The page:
3. you may store by family member e.g. child's shoes in one box
    4. you might store according to season if needed- e.g. store summer hats, sunglasses in one box and winter gloves and hats in another. (If there is not enough space in the location, you could assign an out of the way location and swap these out periodically)
    5. label containers if you can't see the contents

Enabling you to achieve your goals

If you'd like support with your decluttering or organising project find our more about my virtual organising sessions HERE or give me a call.

Imagine what you could achieve in your home with my guidance, encouragement and accountability!

15 Creative Ways to Declutter during Lockdown

If you're still in lockdown, now may be the perfect time for you to have a sort out at home. If you are not sure what to do with the things you declutter, don't be put off. Try these 15 creative ways to manage the things you declutter during lockdown.

As lockdown rules have changed, recycling centres across the country have recently opened to the relief of everyone, but safety restrictions and high demand are causing long queues. Some centres are encouraging people to visit only where essential.

Charity shops will also be permitted to open later this month. Whilst it will bring a much needed lifeline for those who rely on income from their shops, it will be no easy task to manage hygiene and social distancing measures. It's likely that they will need to quarantine donations before they can be processed, which will affect their ability to take donations.

But don't let this put you off. You've likely spent a lot more time at home than you usually would. I'm sure you've spotted areas that need your attention, or perhaps you've been inspired to make some home improvements. Maybe your motivation is growing or you're keen to be productive whilst in lockdown.

Whatever your reason, this is your time! There are still plenty of ways you can manage the things that are no longer useful or loved... so grab this opportunity with both hands and get started!

Pass It On

  1. It's true that 'One man's rubbish is another man's treasure'. Online groups and forums, such as community groups, Freecycle, Facebook Marketplace and other resources are a great to offer your items for collection. You can still ensure social distancing rules by leaving your items outside your property for collection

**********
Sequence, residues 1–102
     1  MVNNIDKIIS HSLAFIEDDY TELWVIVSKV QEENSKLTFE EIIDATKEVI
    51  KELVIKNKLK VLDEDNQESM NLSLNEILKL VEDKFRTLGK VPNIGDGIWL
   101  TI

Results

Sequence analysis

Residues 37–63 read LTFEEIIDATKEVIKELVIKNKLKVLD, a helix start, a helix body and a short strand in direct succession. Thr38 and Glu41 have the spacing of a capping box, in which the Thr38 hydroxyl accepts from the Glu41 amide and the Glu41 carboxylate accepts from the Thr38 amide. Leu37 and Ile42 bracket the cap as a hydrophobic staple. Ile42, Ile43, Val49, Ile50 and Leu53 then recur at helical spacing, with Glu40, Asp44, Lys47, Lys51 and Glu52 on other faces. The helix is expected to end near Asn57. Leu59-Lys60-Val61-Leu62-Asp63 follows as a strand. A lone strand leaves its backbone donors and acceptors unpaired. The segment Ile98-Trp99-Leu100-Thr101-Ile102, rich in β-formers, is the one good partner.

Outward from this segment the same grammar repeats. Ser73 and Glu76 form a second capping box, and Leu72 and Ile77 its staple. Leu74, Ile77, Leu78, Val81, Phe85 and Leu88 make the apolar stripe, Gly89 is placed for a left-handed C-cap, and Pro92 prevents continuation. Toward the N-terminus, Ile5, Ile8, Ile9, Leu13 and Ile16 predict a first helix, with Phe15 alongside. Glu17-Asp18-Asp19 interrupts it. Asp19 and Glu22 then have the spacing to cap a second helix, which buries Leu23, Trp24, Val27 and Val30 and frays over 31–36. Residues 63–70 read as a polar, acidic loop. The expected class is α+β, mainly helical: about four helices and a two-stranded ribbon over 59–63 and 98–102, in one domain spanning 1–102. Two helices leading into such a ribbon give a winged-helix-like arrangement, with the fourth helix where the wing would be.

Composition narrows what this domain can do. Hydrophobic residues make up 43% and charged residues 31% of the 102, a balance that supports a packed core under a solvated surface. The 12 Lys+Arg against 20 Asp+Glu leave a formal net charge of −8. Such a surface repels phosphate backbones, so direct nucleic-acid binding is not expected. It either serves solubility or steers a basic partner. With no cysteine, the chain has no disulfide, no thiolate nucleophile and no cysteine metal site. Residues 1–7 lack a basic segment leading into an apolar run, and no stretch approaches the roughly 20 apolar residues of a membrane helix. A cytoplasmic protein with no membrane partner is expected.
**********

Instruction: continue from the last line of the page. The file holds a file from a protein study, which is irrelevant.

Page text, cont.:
2. If you live on a street frequented by passers-by, you could put items out with a sign, 'Free to a good home'. You'll be amazed what people can make use of and it's good entertainment as you play passer-by bingo!
  3. Sell online - sites like Facebook Marketplace, Ebay and so-on are up and running. You can either arrange collection from outside your home, arrange for couriers to collect from your property or if it's safe for you to do so, visit your local Post office when you go out for exercise


  1. Use your household waste collections to dispose of small quantities of rubbish
  2. If you have a large quantity of waste that you want to remove quickly, a skip is a convenient solution. You could band together with neighbours to share the cost if practical
  3. Buy a waste disposal bag such as Hippo and arrange collection when it's full

Save it for when lockdown eases

If you have items that can't be managed as above, you can neatly, bag-up and label the items, and:

  1. Store them in the boot of your car ready for when your desired outlet opens again
  2. Store in a space you don't use often (garage, shed or attic) so that they are ready to go
  3. If you don't have storage ask a neighbour to help you temporarily store items and ensure that you collect them as soon as you can (you don't want to make your clutter someone else's problem!)

Don't forget to diarise a reminder so that you can review the situation and remove the items from your home as soon as practical.


Some online charities may still be taking donations of good quality clothing. Re-Fashion is a great example. Request a bag and send off your donations., it's a simple as that!

There may be local charities who are asking for particular items at this time for example to support the local community or for the homeless. British Heart Foundation are also starting to take donations by post. Find out more online. In Nottingham, for example, Sharewear are still taking certain donations to support people in clothing poverty

OrganisedWell cherry-laithang-DEAIMSWjxxI-unsplash

Cherry Laithang DEAIMSWjxxI Unsplash


  1. You may find items that can be upcycled. With a bit of imagination, or a lick of the paint (perhaps found in the shed!), you can breathe new life into items to sell or re-purpose around your home. Ladders make great shelving, freshly painted, decorated or re-upholstered furniture and storage can bring a room to life
  2. Perhaps you have boxes, pots or shapes that you could re-purpose as features or planters for use in your garden
  3. You may find treasures that can be enjoyed in pieces of art, framed or made into another item you will use around the house.
  4. If you're feeling creative but don't want to keep pieces in your home, perhaps create art that you can sell to others to appreciate

What next?

If you'd like some help, whether that be to plan your project, provide tailored ideas or encouragement and support to keep you going, my Virtual Organising Partner service is just the ticket. Click here to find out more here